The threat of being cancelled does not faze Djalili. “I was actually cancelled after 9/11 just for existing,” he says. He had won the 2001 Time Out comedy award, and was booked to play a gig on September 13. “I rang my manager and said, ‘That gig, I presume they’re not going ahead?’ He said, ‘They are, but they don’t want you.’ This is before the days of cancel culture. I was taken off TV shows, panel shows…”

David Baddiel and Omid Djalili
David Baddiel and Omid Djalili - Dave Hogan/Getty Images

Whoopi Goldberg hired him to appear in her eponymous US sitcom in 2003, and told him to keep going with the stand-up. He did, but his act changed. “When 9/11 happened, I thought, I’m being called politically to do something. I never really took stand-up seriously because I was doing films. I thought my life was going to be playing smaller roles in big projects, like Gladiator. But after 9/11 I focused more on the stand-up because I thought that was a more important thing to do.”

He has long campaigned against injustices in Iran, and that gives him perspective which he will bring to the tour. “It needs an older head like me, who is Middle Eastern, to say, ‘This is what’s going on.’” Then he laughs: “My kids say, ‘When did you become an authority on this? Who the hell do you think you are?!’”

Djalili’s fans include the King – he was booked for Charles’s 60th birthday party – and he is a popular figure on the comedy circuit. For his appearance on Kate Garraway’s Life Stories last year, fellow comedians were queuing up to pay affectionate tribute, including David Baddiel. The pair are friends despite Baddiel’s belief – asserted in his book, Jews Don’t Count – that non-Jewish actors should not play Jewish roles.

“The main point of the book is that anti-Semitism is the lesser of all the racisms because Jews are viewed as white, rich and privileged. I think that is correct. Some other thing he said, I don’t particularly agree with, which is that if a non-Jewish person plays a Jewish character, it’s called Jewface, and you would never have a white character play a black character,” Djalili says.

Omid Djalili as Tevye in Fiddler on the Roof, 2017
Omid Djalili as Tevye in Fiddler on the Roof, 2017 - Johan Persson

“But I got five-star reviews in the Jewish Chronicle for playing Tevye [in Fiddler on the Roof], and in one of the reviews it said it had finally put to bed the idea that only a Jewish person should play this role. I was Fagin in the West End. So in a sense I felt he was wrong. Now people would go back and think of that amazing show, ‘Oh, but it was wrong, because he wasn’t Jewish’?”

Besides, he says, he feels close to Jews because the Baháʼí shrines are in Haifa, Israel. “And I’m of the Semitic race. Semitic people are Arabs and Jews, that’s a fact. In mannerisms, when you go to Israel, they’re not that different.” So would he take those same roles now, given the ‘Jewface’ argument? “I would think twice because I don’t want to cause a stir, I don’t want people to have a go at me. But I do think that I would have every right to play them because I’m Semitic.”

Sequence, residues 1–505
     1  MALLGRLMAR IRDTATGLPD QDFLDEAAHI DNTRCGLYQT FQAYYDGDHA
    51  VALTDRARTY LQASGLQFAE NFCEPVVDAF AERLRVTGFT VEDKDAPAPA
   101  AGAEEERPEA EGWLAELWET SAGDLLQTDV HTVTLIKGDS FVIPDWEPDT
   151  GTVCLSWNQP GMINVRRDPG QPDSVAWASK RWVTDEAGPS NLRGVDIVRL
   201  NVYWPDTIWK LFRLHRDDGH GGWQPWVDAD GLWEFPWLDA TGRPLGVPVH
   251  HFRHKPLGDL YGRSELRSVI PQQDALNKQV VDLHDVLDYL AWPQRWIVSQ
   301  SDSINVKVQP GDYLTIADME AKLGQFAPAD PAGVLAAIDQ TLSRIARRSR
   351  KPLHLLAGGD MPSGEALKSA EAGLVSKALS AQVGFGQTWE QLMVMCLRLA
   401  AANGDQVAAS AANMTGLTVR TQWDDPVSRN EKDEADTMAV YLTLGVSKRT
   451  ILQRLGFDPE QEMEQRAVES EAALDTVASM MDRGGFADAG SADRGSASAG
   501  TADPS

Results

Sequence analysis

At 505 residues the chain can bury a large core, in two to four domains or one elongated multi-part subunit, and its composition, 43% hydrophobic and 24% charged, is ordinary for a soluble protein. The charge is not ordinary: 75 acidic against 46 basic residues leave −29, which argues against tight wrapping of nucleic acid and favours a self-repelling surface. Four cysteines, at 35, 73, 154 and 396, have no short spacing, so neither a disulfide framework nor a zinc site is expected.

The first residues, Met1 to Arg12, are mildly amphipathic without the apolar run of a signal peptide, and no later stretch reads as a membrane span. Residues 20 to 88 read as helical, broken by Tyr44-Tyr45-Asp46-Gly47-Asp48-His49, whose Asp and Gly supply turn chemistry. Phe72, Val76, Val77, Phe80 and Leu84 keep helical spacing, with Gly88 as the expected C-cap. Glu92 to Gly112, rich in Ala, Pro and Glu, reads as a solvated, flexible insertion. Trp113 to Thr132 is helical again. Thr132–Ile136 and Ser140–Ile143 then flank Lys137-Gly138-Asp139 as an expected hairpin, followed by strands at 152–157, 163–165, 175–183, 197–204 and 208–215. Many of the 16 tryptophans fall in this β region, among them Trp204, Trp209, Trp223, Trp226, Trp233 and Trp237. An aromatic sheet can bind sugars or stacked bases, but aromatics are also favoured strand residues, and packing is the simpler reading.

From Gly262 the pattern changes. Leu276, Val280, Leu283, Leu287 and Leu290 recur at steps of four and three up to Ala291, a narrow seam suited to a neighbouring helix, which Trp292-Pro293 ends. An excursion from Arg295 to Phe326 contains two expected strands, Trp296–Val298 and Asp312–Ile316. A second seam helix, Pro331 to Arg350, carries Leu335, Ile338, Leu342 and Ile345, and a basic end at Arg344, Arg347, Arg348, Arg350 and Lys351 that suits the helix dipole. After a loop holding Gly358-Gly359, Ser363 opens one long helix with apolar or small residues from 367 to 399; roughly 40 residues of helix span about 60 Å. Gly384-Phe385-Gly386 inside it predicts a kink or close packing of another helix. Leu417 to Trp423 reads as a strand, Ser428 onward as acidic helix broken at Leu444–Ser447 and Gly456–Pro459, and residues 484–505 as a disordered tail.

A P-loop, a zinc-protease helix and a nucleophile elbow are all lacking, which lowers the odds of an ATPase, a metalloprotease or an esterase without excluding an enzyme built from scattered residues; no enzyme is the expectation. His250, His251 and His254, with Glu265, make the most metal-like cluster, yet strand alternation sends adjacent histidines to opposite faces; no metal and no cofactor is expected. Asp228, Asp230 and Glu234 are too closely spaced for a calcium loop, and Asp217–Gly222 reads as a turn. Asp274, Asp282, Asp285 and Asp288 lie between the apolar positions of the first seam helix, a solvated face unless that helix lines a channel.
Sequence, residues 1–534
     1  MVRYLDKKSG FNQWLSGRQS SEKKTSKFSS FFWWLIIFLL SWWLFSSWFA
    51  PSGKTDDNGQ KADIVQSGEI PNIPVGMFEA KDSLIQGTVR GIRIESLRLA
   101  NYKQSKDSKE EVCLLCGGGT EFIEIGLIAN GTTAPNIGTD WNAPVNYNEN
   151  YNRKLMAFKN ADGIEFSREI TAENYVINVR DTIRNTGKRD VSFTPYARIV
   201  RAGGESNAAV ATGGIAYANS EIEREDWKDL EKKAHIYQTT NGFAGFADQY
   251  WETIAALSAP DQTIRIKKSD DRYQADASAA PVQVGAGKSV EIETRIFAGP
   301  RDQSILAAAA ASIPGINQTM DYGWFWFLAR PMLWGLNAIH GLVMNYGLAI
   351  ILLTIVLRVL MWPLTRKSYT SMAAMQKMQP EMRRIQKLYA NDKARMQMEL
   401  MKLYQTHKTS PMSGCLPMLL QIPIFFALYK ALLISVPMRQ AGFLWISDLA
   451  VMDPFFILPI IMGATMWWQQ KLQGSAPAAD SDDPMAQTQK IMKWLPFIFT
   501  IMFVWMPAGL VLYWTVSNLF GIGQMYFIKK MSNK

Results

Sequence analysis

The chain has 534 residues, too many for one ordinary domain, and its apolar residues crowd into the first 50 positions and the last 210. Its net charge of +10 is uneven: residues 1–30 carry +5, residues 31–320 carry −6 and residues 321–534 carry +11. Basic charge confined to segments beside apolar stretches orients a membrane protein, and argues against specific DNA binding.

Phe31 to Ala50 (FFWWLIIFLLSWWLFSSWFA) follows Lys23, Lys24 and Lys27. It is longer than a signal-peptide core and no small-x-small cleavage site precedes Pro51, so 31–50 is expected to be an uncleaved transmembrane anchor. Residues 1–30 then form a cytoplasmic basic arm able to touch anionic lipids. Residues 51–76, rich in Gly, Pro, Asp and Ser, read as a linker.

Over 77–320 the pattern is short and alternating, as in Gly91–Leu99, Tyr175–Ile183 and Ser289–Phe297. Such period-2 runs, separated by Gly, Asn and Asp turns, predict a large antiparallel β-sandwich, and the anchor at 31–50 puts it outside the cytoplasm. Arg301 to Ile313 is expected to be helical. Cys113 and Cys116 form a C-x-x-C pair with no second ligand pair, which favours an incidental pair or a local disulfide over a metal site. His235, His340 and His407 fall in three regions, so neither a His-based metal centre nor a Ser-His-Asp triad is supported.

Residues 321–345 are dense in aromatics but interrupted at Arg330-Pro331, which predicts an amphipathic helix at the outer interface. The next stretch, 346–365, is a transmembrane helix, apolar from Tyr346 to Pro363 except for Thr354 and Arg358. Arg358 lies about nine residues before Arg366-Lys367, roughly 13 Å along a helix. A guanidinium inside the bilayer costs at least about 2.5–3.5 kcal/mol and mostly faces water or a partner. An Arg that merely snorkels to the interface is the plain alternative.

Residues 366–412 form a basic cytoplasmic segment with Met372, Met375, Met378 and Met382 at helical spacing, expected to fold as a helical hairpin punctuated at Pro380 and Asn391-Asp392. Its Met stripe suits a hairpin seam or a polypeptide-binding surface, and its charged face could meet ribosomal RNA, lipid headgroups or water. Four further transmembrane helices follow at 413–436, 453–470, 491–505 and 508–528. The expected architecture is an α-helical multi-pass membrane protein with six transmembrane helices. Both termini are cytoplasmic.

Djalili is currently mulling over an offer to appear in an RSC production next year. He failed to get into 16 drama schools but clearly that hasn’t held him back. He recently made a film for Prime Video called Deep Cover, reuniting him with Orlando Bloom 20 years after they appeared in The Calcium Kid.

Bloom’s starry love life had passed him by. “Everyone was talking about his wife and I said, ‘Who are you married to?’ He said, ‘Oh, you wouldn’t know her.’ I said, ‘But who is it?’ because I kept hearing the name Katy.’ He said, ‘It’s Katy Perry.’ I said, ‘You’re married to Katy Perry?!’ And I didn’t realise she was there, wearing no make-up.”

Despite his Hollywood success, Djalili is just as proud of his appearances on Radio 4’s I’m Sorry I Haven’t A Clue, “which was a show I used to listen to and never imagined for a second I would be included. But I’m very thankful to a Jewish person, [writer and comedian] Barry Cryer, who made sure I was on the regulars list because he said, ‘This show is so white, we need someone like Omid.’ Just to be involved in that brand is a huge honour.”

He worries, with the recent bankruptcy of the Just For Laughs comedy festival in Montreal, about opportunities for new stand-ups. “That was the main thing that propelled my career and hundreds of careers. “Now I think all that’s left is Edinburgh and people starting their own YouTube Channel or TikTok. I see a lot of comedians now turning to that and it’s a shame – I’m forced to do it a bit but I don’t really want to do it. The live medium is the most exciting thing.”

He was nominated for the Perrier Award at Edinburgh in 2002. “I visited Edinburgh this year and it was not as packed as it normally is. Maybe there’s not enough in the news, not enough television coverage, not enough sponsorship. They used to put a lot of money into it.”

Comedy seems more fraught now than it ever was. What if someone is offended by his new material? “They have the right to be upset. I think it’s really important to be strong in your comedy convictions,” he says. He runs some of his jokes past his three adult children, who tell him when they think he’s being inappropriate, but he doesn’t give them the last word: “I’m 58,” he says firmly, “and I’m going to go with what makes me laugh.”

Omid Djalili, Namaste, is on tour from October. His Good Times Tour Special will be streamed as a live event on DRIIFT on March 20;